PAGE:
“How was lunch?” I ask, venturing into conversation with one of my teens who isn’t much into conversing with parents these days. He had just come from lunch with one of his professors… a Saturday lunch.
“What did you talk about?”
“I dunno,” he replied. “… stuff.”
“Yeah? Anything worth sharing?” I should have stopped. I should have known the well was not producing.
“Just stuff,” he looked up from his afternoon bowl of cereal and gave me a little raised-eyebrow nod. If nothing else, at least I had been patient, not bombarding him the minute he came home.
“Well, okay,” I give up – knowing that information will flow at another time. I’ve learned that timing is everything with my kids during this phase of life. The conversations are there. But so are moods. I’m learning that slow & steady actually does win the race. Stay the course and try loving.
Instead, I switch to mother-mode, “You need to write a thank-you note … today.”
He looks at me again, this time quizzically.
I ignore his lack of response, “If you can’t find your stationery – I have some cards you can use.”
“What are you talking about?” he gruffs.
“Ummm… You WILL be writing a thank you note.”
“To be polite.”
“Because you’re polite. You will be polite.”
“Oh, I’m not polite.”
“Yes you are,” I nyahh. “… and you will be writing a note.”
At this point, we start to duke it out. He sticks to his not polite guns and I grab hold of my yes you will be polite whip. Which is the first problem.There are better ways to talk with a teen.
#1 Don’t enter a conversation with a teen as a battle. You never win. In fact, no one wins. Such efforts are built on false assumptions that rational thoughts will prevail. Rational never enters a teen vs menopausal mom boxing ring. So I shouldn’t either. Because within seconds of sparring, any semblance of rational thinking has exited the building, or car – which is where many of our conversations occur.
#2 Talk to … not at. I don’t know what I’m scared of, but more often than not I can barely stop myself from making our conversation a teachable moment. Maybe it has something to do with looming departure (I only have 15 months left with our oldest) getting ever closer with our teens. But … I can’t imagine wanting to talk with anyone who makes every conversation a lesson. So why do it?!
#3 Silence is …. well silence. Silence isn’t always bad. It doesn’t always mean someone is hiding something or trying to ignore. It can be leaned into – even from an excessive talker like me. Because silence often signifies safety. After a long day, the kids often want to veg. How nice to be a place where they feel safe enough to say nothing, no small talk, no searching for something to say … just silence.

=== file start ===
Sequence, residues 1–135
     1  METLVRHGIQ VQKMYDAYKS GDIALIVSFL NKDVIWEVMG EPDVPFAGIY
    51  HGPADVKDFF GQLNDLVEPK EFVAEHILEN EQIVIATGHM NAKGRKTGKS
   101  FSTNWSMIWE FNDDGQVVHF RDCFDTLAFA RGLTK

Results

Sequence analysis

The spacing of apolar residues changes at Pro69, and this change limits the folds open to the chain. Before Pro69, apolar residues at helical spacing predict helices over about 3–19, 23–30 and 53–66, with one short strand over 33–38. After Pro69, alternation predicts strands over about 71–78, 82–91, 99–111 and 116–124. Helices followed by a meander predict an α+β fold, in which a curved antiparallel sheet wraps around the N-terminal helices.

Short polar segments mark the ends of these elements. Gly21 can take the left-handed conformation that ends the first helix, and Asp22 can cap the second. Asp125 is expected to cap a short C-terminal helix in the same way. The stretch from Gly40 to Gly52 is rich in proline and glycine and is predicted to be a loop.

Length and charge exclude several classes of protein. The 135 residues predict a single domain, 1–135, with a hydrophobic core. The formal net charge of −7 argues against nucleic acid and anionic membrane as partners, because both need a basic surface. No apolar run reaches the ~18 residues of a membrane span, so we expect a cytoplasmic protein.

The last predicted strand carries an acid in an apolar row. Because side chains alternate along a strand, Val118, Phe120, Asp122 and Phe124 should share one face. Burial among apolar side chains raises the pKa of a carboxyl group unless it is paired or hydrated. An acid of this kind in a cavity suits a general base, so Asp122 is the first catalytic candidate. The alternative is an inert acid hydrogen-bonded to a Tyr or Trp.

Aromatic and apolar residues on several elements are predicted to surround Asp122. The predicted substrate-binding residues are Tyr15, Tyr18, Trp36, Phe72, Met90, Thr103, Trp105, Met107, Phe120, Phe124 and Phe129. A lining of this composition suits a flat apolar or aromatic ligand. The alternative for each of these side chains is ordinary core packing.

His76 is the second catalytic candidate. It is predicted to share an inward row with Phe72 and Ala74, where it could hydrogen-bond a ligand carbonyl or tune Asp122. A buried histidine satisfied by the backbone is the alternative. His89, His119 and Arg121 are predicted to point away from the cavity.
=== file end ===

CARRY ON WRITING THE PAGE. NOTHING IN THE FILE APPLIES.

#4 Speak softly … & less. Avoid volume crescendos that often occur as we strive in the heat of the moment to make a point. The louder we get, the more ridiculous the words. Soft talk is so much easier to hear. On both sides.
#5 Listen. A lot. Often. Before speaking. And without predetermination.
#6 Despite what I think or feel, my kids are not a reflection of me. Mirror check: Yes – that reflection is me, not them or visa-verse. We each see our own reflection.The kids actually are their own people. And by this time in life, they should be actively making many of their own decisions. Hopefully founded in part to all the wisdom and training we have bestowed upon them. So when I’m in the car, aghast, possibly appalled by a kid’s sorry attitude or, on the flip side, thrilled by a kid’s brilliant achievement – I must remind myself to do a quick check. A little visor-mirror action – yup, still me. Oh… but that Thank-You note would really shore up my standing as a good parent.
#7 Don’t always assume the worst. I know “assume the best” would be better, but who am I kidding? Baby steps around here. But you never know what surprises lie around the corner. As I was about to see…
“You will be writing a thank you note… Even if I have to hold your hand and move it while you’re doing it!” Yes. … I actually said that. I can’t begin to imagine why. He’s bigger than me. Clearly I had risen to the maturity level of an 8-year-old. Sometimes I surprise myself.
“I am not writing a note,” he responded.
“Oh, yes you are!”
“No. I’m not,” He adds, “Would you have made me write a note when Prof B went to dinner with a group of us the other night?”
“No … That was all spur of the moment, casual,” I replied.
“That’s my point exactly,” he said. Relieved a bit that I was tracking. “I really had a great time with Dr. W. I don’t want to mess it up by making it all formal and note-worthy. It was casual. And I liked that. He’s fun to talk to.”
#8 Be open minded and ready, at least willing, to apologize.
“Well … yeah,” I continued. “I hadn’t really thought of it that way.” Then I had to add, “”Why didn’t you tell me that in the first place?”
He shook his head and shot me a deserved eye-roll. And I looked at the young man across the table from me, who clearly has much more purposeful thinking going on than I can imagine.
# 9 Be patient, go slow and have faith. Because the Lord is patient, he’s brilliant at slow and is always faithful. And God grows stunningly beautiful things in the most unlikely of places.
Here’s to staying the course. Ever grateful I don’t have to walk it alone.
Flowering Cactus from my folks home in Arizona. Such a stunning display of beauty amidst the thorns and dry ground of the desert.
A testimony to the Lord’s ability to create blooms in the most unlikely places.